“I don’t know, we’ve read quite a lot. I’m worried you might have nightmares—did you, last night, after hearing about the little piggies who got turned into bacon and sausage patties?”
She suspected the story didn’t end like that. If it did, parents who called it a bedtime story had a lot to answer for.
Vonnie swallowed, her thick, dry tongue almost choking her. “I’ll be fine.”
The words echoed in the damp, musty basement room in which she’d been imprisoned for…how long had it been since the night he’d grabbed her? And when had that been? Think!
Monday. He’d attacked her while she walked the long way home from a nighttime event at her new high school, to which she’d just transferred since they offered more AP classes than her old one. Mistake number one. Her old school had been a block from her crappy home.
“Well, if you’re sure, I suppose we can read a little more about those naughty children.”
Knowing he expected it, she managed to murmur, “Thank you.”
“You’re welcome, dear. I’m glad you like this story. It’s no wonder their parents didn’t want Hansel and Gretel—awful, spoiled brats, weren’t they? Most parents hate their children anyway, but these two were especially bad.”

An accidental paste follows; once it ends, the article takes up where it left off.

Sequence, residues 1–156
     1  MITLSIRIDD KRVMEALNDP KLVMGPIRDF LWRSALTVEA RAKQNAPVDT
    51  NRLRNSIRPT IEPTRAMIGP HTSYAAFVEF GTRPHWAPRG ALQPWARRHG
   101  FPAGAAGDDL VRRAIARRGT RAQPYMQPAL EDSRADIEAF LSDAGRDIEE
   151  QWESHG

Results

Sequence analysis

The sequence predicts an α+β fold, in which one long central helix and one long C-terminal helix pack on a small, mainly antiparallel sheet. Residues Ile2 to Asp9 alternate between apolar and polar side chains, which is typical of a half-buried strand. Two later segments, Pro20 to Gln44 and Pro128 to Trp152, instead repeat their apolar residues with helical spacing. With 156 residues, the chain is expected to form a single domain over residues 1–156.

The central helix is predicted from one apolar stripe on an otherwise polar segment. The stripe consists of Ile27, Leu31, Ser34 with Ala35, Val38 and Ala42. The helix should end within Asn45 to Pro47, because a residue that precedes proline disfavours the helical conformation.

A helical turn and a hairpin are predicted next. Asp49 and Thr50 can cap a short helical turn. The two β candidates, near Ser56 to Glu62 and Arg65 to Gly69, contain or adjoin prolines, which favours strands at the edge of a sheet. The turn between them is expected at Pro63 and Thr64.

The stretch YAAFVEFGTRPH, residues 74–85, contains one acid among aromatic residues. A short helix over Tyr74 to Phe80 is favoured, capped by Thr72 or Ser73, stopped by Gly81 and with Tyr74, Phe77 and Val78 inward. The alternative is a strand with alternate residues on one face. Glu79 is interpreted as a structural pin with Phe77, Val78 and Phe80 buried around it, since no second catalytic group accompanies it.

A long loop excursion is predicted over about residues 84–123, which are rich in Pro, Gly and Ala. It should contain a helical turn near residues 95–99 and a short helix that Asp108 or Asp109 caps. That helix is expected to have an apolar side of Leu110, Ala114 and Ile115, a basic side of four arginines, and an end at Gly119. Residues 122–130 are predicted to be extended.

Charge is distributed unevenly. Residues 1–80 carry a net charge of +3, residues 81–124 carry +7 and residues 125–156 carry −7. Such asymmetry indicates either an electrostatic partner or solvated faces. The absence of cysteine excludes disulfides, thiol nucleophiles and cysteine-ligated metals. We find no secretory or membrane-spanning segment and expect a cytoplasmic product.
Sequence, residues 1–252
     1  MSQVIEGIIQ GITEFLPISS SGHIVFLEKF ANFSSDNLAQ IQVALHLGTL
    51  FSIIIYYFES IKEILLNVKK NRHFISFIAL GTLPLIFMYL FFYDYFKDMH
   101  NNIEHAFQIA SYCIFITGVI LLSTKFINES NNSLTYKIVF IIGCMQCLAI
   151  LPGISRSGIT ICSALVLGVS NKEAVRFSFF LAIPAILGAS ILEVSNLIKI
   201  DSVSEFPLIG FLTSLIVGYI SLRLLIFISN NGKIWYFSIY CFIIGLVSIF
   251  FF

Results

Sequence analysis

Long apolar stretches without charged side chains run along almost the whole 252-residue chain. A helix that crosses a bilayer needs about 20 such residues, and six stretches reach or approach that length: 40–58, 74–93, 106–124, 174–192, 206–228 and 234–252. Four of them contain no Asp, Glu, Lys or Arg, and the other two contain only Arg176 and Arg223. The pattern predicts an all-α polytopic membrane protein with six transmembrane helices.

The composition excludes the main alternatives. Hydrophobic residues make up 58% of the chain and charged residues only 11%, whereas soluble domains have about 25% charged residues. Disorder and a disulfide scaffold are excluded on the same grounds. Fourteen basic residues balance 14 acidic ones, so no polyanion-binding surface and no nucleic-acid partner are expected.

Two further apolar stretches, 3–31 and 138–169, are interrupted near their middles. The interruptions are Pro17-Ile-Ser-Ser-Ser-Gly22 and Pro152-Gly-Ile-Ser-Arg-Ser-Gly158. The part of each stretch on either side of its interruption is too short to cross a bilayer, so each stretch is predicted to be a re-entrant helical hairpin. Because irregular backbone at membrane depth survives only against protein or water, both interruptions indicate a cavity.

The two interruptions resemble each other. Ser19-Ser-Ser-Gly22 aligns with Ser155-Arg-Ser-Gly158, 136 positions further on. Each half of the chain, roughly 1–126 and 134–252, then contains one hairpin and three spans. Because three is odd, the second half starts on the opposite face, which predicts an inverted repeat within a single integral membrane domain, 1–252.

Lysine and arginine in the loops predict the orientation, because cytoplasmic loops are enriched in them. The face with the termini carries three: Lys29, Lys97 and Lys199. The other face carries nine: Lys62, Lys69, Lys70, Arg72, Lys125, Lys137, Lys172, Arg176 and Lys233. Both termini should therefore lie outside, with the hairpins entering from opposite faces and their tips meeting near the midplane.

If it wouldn’t have caused her so much pain, she might have laughed. He hadn’t said anything she didn’t know. Her mama had made that clear every day of her life.
Most parents would be proud of their kid for doing well in school, but not hers. She’d said Vonnie had been stupid to transfer. Stupid and uppity, thinking getting into the National Honor Society mattered a damn when she lived on the corner of Whoreville and Main.
Normally she’d have been at work serving chicken wings by that time of night on a Monday. But no, she’d had to go to the meeting, had to act like she was no different from the smart, rich, white kids. She’d been cocky, insisting it was no big deal to walk home alone after dark through an area of the Boro where no smart girl ever walked alone. Not these days, not with the Ghoul on the loose and more girls missing from her neighborhood every month.
The Ghoul—the paper had at first said he was real, then that he wasn’t. Vonnie knew the truth. He was real, all right. She just wasn’t going to live long enough to tell anybody.
“Hansel and Gretel didn’t know that the starving birdies of the forest were eating up their bread-crumb trail, waiting for the children to die so they could poke out their eyes,” he read, not noticing her inattention. “It was dark and their time to find their way home was running out.”
Time. It had ceased to have any meaning at all. Minutes and hours had switched places: minutes lengthened by pain, hours shortened by terror of what would happen every time he came back from wherever it was he went when he left her alone in the damp, cold dark.
“Did you hear me?” he snapped sharply.
She swallowed. “Yeah.”
“Good. Don’t you fall asleep. I’m reading this for you, not for myself, you know.”
She suspected he wasn’t reading at all, merely Wes Craven-ing up a real bedtime story.